A study released Friday estimates the two-decade-long war in Afghanistan has killed 241,000 people, including Americans, and cost the United States $2.26 trillion to date.
The Costs of War Project, housed at Brown University’s Watson Institute and Boston University’s Pardee Center, noted in its report that the financial cost included both Afghan operations and those in neighboring Pakistan.
President Joe Biden announced on Wednesday that all U.S. troops will leave Afghanistan by September 11, the 20th anniversary of the attacks on the World Trade Center and Pentagon, saying “it is time to end the forever war.” The drawdown of around 3,000 remaining troops from the country, Biden said, would begin on May 1.
“The Costs of War Project also estimates that 241,000 people have died as a direct result of this war. This includes at least 71,344 civilians; 2,442 American service members; 78,314 Afghan military and police; and 84,191 opposition fighters,” the report said.
It noted that the numbers are approximations based on the reporting of several data sources.
“These horrific numbers are testament to the costs of war, first to the Afghan people, and then to the soldiers and people of the United States. Ending the war as soon as possible is the only rational and humane thing to do,” said Catherine Lutz, co-director of Costs of War and professor at Brown University.
Neta Crawford, the project’s lead researcher and professor at Boston University, described as "the tip of the iceberg” the U.S. Department of Defense spending of more than $900 billion in Afghanistan.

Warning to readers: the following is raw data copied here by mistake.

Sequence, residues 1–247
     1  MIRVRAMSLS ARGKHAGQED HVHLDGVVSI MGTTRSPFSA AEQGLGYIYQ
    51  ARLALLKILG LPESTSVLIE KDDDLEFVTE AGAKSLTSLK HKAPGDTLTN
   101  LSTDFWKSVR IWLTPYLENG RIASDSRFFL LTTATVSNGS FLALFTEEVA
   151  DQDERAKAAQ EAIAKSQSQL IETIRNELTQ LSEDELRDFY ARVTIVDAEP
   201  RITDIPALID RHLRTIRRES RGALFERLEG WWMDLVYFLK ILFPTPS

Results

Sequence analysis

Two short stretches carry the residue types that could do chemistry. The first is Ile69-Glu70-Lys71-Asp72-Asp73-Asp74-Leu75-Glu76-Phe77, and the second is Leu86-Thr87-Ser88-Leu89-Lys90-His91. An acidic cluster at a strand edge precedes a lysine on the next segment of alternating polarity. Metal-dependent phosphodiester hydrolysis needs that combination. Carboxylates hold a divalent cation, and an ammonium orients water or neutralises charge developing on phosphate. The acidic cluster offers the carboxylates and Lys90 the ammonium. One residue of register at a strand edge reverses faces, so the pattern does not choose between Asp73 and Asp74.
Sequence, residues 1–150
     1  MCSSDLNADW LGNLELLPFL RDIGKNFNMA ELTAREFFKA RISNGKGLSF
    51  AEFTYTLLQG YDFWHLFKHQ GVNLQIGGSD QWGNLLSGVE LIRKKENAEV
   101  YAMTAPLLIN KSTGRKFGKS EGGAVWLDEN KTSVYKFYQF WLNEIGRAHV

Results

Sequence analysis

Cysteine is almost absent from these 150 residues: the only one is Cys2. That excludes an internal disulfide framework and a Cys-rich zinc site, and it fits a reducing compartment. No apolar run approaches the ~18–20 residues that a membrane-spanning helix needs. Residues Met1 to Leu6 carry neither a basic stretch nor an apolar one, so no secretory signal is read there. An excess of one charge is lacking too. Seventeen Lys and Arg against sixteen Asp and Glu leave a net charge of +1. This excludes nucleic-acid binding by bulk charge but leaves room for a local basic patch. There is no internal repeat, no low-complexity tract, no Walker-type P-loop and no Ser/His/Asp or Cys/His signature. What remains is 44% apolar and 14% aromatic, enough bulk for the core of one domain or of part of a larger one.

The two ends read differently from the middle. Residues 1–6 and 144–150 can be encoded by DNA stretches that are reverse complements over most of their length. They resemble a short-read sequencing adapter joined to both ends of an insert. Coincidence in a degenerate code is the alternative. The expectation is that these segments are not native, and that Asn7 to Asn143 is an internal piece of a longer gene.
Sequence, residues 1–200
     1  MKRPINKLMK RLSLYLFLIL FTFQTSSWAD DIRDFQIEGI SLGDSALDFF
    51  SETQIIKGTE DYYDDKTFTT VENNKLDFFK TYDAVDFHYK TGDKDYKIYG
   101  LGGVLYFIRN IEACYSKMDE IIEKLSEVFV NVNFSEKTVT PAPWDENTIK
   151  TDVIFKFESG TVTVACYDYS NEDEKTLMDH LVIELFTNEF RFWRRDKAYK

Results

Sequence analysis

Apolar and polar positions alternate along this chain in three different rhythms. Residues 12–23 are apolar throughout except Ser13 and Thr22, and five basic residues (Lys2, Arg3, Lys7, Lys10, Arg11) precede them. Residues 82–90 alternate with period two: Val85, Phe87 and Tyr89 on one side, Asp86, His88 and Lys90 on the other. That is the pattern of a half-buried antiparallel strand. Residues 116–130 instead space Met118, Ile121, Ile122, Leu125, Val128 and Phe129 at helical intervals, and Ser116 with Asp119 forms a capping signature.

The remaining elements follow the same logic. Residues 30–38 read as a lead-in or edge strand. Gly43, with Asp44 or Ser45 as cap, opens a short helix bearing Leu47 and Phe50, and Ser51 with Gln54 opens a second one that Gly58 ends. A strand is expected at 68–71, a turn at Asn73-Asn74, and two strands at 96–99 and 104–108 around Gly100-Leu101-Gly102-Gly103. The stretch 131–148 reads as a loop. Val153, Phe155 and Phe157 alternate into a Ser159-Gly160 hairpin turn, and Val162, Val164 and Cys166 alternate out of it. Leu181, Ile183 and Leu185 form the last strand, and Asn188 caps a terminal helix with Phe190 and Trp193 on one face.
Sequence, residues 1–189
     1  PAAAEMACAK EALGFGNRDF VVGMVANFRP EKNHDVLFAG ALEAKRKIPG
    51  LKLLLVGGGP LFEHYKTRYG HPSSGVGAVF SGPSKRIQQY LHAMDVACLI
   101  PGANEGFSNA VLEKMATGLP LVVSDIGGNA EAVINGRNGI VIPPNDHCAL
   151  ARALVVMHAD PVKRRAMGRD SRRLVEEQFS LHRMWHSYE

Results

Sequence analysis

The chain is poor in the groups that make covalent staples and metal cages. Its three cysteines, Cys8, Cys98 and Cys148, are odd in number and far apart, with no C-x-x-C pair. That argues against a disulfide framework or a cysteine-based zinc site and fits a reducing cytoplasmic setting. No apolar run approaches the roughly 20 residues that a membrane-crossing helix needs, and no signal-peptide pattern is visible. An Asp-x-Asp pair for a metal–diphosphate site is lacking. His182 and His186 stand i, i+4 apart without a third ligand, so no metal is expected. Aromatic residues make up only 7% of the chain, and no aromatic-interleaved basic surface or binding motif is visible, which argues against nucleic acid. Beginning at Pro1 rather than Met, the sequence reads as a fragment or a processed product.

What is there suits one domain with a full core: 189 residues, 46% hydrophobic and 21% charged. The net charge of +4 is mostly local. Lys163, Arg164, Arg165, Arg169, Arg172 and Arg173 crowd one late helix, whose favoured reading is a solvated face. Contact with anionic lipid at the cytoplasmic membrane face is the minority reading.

The rest of the money, according to the report, includes an increase of $443 billion in the Pentagon’s base budget to support the war, $296 billion to care for veterans, $530 billion to cover the interest on the money borrowed to fund the military deployments in the South Asian nation, and $59 billion in overseas contingency funds.
“The costs of the Afghanistan war include its escalation into Pakistan, millions of refugees and displaced persons, the toll in lives of combatants and non-combatants, and the need to care for America’s veterans,” Crawford noted.
Pakistan, which joined the U.S.-led military invasion of Afghanistan in 2001, conducted military operations to secure its side of the nearly 2,600-kilometer largely porous border in support of actions by international troops on the Afghan side.
Washington reimbursed Islamabad for the financial costs Pakistani operations incurred from a Coalition Support Fund set up for the purpose.
The Costs of War Project noted that the total estimated $2.26 trillion does not include funds that the U.S. government is obligated to spend on lifetime care for American veterans of the Afghan war, nor does it include future interest payments on money borrowed to fund the war.
A more comprehensive accounting is yet to be completed, the report said. It would include not just money that may or may not have been well spent, but the count of those wounded, those who lost limbs, and the psychological toll of decades of war on combatants and non-combatants and their families.
Stephanie Savell, the project’s co-director and senior research associate, replied in affirmative when asked by VOA whether their researchers had spoken to relevant U.S. administration departments while conducting the study.
“We have spoken with representatives of the administration about this, yes,” Savell said. “Our total number includes the DOD OCO budget (the figure the Pentagon uses to estimate total war costs), but also other ledger items like care for vets, interest on war borrowing, and increases to the Pentagon's base budget due to war,” she explained in a written reply.
The Costs of War Project was launched 10 years ago by a group of scholars and experts to document the “unacknowledged costs” of the post-9/11 wars in Afghanistan, Iraq, and elsewhere, said Friday’s release.